For example, let us take the United Kingdom, a country that has, on occasion, voted pro-socialist. Under socialist leadership, Britain has accelerated a course away from plutocracy and towards taxocracy, but at a slow rate and with negligible effects upon the standard of living of the British people. Britain has reluctantly pursued a foreign policy which has allied it with the United States. It has been able to form such a union with the U.S. partly because it is not a true communist state, and partly also because it, along with Canada, New Zealand, and Australia, comes within the gravitational field of American power.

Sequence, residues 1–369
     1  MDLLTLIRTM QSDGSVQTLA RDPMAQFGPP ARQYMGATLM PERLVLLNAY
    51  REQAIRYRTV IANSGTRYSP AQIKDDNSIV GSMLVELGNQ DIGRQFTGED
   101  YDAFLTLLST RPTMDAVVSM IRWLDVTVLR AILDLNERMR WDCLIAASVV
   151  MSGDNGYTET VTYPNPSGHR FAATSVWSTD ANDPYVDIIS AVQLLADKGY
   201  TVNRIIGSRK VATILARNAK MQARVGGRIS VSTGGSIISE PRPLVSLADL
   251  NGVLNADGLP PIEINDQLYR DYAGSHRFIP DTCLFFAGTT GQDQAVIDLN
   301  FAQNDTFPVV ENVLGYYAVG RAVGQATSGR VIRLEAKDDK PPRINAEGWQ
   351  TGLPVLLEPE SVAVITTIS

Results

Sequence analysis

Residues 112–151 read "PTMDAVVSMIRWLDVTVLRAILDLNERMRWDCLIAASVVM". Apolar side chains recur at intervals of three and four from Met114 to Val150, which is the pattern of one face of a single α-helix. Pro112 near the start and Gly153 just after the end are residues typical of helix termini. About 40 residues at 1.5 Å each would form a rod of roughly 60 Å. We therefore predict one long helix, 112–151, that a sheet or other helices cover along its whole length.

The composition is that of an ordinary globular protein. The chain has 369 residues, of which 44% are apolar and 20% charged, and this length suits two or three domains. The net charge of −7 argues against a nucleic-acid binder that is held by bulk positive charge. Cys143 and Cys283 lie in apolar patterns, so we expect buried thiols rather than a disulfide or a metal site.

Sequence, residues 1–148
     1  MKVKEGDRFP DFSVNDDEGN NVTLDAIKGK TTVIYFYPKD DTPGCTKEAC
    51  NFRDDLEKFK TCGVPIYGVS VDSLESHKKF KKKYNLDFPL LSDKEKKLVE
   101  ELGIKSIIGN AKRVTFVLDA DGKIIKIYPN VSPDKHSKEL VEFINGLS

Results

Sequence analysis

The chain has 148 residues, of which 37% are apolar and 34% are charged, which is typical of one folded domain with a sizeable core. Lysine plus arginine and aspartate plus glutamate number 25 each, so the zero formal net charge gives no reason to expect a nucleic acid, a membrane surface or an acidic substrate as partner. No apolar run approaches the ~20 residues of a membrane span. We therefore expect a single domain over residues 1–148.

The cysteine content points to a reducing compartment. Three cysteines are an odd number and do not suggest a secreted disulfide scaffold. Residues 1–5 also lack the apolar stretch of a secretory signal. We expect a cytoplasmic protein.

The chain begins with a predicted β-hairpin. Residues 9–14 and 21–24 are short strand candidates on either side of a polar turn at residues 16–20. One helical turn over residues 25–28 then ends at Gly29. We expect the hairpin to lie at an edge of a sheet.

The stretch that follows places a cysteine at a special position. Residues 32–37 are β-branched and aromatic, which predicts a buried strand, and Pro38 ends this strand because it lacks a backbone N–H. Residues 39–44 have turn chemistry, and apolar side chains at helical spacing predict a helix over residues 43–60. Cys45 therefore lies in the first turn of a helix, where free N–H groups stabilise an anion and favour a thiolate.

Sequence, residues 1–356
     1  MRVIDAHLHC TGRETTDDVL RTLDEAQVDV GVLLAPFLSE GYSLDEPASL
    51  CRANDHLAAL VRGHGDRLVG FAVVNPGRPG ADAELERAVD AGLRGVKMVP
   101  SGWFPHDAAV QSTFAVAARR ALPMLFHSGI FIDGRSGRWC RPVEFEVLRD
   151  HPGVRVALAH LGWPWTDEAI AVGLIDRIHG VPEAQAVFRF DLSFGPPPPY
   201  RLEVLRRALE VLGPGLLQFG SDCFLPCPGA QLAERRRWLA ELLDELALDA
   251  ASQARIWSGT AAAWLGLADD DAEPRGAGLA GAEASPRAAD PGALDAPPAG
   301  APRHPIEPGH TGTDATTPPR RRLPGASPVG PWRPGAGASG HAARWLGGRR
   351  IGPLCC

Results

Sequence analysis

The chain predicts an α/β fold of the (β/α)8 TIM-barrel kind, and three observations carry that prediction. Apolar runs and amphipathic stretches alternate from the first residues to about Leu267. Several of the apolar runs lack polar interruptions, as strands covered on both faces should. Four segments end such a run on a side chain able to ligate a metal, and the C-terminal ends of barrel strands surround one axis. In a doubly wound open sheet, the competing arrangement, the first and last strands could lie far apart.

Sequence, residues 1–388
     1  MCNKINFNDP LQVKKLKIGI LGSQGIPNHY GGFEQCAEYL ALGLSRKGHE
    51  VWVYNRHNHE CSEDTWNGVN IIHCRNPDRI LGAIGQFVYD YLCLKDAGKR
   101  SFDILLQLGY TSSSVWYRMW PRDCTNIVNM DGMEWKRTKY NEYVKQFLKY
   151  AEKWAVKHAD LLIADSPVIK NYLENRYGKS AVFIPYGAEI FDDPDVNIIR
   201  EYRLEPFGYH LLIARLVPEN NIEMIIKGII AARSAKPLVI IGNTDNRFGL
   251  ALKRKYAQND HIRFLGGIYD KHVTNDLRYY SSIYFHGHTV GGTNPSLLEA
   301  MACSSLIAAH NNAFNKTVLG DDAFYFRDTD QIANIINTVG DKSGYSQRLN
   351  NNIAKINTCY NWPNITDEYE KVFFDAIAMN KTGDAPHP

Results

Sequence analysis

While ostensibly supporting America's foreign policy objectives, the U.K. has deviated towards pacifism and isolationism (mainly the latter) and concentrated its energies upon domestic policies. However, it has been able to maintain its isolationist and pacifistic stance only because it is still mainly a plutocracy. As it advances past the threshold of taxocracy, England (perhaps along with America) will become increasingly hostile and belligerent, a disgruntled country, like France. As George Orwell prophesied, the end result of the trend toward taxocracy will be a world of hostile socialist, even totalitarian, megarchies. Socialism without communism is improbable, not because, as Harold Laski35 and other British socialists thought, the ruling classes will never relinquish power, but because the internal controls over people and the ensuing strains within taxocracies breed hostilities and hence public and private systematic violence, at home and abroad.